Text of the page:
As the budget battle heats up at the legislature, Governor Ducey and lawmakers are currently debating multiple proposals to increase funding for K-12 classrooms. With limited resources available to achieve many of these goals, it is important that policymakers prioritize where new dollars are spent and avoid proposals that do not improve outcomes or implement bad tax policy.
First, here are some of the ideas that should be avoided:
Expanding All Day Kindergarten: Though very politically popular, multiple studies show increasing funding for all-day kindergarten either results in no increase in achievement, or the gains are lost by the third grade. Until it is determined why all-day kindergarten is not improving student performance, lawmakers should not increase funding for the program.
Exempting Teachers from Paying Income Tax: Lawmakers want to provide a pay raise for teachers, and since everyone hates the income tax why don’t we do both at the same time? Of course, the problem with this tax carve-out is that it will spur other classes of government employees (police officers, firefighters, etc.) to ask for the same deal. Additionally, evidence shows that taxpayers who are exempted from paying the income tax (both businesses and individuals) are much more likely to support future income tax increases on everyone else who do pay. If lawmakers believe in paying government employees more, do it through a pay raise. And if they want to cut income taxes, do it for everyone, not for a select group.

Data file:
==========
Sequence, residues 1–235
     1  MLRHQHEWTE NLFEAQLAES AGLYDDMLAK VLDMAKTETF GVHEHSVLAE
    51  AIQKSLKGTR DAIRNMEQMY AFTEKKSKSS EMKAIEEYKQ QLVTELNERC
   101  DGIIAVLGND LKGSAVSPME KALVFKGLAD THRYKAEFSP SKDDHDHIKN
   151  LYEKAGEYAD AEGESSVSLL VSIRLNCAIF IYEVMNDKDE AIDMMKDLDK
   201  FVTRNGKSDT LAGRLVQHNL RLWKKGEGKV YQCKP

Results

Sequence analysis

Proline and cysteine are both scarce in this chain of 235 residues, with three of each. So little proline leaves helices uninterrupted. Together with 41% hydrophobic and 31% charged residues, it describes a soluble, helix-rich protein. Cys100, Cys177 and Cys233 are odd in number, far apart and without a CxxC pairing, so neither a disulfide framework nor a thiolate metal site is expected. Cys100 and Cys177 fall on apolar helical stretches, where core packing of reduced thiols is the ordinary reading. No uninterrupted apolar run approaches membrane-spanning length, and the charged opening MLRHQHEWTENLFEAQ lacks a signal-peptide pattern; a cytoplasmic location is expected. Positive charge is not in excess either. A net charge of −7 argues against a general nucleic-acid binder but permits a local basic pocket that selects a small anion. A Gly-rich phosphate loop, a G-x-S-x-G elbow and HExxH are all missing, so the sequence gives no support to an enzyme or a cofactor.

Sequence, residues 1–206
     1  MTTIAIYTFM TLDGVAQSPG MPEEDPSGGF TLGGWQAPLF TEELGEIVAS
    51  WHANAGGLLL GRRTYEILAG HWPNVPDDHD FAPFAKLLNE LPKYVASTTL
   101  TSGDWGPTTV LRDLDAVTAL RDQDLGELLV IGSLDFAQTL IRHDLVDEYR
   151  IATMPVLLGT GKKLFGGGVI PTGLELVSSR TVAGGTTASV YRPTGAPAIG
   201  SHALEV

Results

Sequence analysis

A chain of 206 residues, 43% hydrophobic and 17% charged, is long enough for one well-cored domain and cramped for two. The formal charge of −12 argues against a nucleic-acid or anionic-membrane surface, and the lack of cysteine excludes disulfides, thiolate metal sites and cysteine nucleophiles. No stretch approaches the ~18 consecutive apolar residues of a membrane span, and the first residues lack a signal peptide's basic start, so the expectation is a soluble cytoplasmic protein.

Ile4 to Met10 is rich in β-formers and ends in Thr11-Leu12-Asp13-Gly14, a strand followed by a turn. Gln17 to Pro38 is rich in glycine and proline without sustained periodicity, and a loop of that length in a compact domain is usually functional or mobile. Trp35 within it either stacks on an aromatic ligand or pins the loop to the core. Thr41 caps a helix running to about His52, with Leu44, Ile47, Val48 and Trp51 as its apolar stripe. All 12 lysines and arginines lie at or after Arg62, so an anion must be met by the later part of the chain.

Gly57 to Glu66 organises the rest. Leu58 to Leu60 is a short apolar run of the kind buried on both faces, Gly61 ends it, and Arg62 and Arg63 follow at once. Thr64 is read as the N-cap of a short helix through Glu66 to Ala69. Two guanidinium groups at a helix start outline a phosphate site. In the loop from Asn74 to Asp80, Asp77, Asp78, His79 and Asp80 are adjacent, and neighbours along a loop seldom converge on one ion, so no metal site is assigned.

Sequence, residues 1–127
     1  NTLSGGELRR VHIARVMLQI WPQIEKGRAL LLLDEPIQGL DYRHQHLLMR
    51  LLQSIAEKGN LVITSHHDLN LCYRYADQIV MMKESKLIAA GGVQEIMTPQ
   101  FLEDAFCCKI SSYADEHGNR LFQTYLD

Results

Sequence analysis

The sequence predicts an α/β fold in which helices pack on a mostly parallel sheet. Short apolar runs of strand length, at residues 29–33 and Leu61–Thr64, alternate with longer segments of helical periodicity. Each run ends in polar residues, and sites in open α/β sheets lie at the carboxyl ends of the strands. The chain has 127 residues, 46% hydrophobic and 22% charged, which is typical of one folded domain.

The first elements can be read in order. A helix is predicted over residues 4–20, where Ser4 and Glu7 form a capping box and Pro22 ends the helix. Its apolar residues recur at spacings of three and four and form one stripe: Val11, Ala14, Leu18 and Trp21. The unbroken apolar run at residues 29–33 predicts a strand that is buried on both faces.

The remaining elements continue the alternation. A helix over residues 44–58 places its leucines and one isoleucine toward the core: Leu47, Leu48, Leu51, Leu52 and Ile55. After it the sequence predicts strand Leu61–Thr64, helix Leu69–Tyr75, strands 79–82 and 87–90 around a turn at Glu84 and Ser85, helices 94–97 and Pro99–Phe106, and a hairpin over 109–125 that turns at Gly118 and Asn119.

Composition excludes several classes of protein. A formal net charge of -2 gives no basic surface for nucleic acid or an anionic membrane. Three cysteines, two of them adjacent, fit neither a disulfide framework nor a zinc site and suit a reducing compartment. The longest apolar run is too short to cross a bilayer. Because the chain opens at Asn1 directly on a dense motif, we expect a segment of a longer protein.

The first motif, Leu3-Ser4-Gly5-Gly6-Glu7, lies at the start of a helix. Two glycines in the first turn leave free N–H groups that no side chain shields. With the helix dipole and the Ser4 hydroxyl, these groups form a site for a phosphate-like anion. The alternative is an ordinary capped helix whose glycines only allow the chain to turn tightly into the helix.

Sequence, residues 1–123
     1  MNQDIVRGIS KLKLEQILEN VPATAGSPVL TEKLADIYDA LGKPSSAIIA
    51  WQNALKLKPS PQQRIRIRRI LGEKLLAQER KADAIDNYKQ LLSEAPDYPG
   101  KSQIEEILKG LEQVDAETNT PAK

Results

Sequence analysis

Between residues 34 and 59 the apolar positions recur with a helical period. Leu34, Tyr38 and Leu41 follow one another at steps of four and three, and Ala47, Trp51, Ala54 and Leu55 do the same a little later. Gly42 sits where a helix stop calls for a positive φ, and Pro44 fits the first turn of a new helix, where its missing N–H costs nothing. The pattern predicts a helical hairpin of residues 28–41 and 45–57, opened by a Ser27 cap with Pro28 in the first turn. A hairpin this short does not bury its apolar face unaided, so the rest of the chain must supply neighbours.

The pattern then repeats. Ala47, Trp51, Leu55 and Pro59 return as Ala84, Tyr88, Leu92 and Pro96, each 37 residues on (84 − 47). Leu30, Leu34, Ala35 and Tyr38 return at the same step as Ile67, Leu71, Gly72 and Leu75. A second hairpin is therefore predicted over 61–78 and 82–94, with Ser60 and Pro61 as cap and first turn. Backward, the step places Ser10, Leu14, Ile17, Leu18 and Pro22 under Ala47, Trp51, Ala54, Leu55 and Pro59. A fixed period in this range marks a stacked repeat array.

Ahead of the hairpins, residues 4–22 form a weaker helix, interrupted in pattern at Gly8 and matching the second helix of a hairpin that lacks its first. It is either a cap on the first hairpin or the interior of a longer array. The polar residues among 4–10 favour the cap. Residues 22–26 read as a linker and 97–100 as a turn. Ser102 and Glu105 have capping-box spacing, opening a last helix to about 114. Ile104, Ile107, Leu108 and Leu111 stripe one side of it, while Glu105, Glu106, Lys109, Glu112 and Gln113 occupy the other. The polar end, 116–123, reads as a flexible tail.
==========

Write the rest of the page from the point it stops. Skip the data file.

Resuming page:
Borrowing for School Construction: After the recession in 2008, much of the funding provided by the state for new school construction dried up. In some respects, the reduction made sense since population growth stopped and several districts actually experienced enrollment decline. Now that population growth has rebounded, there is renewed need to provide dollars to the School Facilities Board. As an alternative to appropriating the funds, however, there are discussions to just borrow the money for the construction. This is the wrong approach that could wreck the structural balance of the budget and lead to more borrowing in the future.
Rather than spending funds on these options that are not outcome focused, lawmakers should instead focus on proposals that improve accountability, improve student performance and are based on results. The best proposal released so far to accomplish this goal is the Governor’s recommendation to provide additional funding to achievement schools that are high performing or demonstrate student improvement.
Under the plan, top-performing district and charter schools would receive additional funding, with low income schools getting a larger share. This approach makes sense as it ties funding to outcomes, which is what the priority should be.
As we near the conclusion of budget talks, let’s hope lawmakers choose the right policy path of funding K-12 outcomes, not the politically easy one of more money with no strings attached.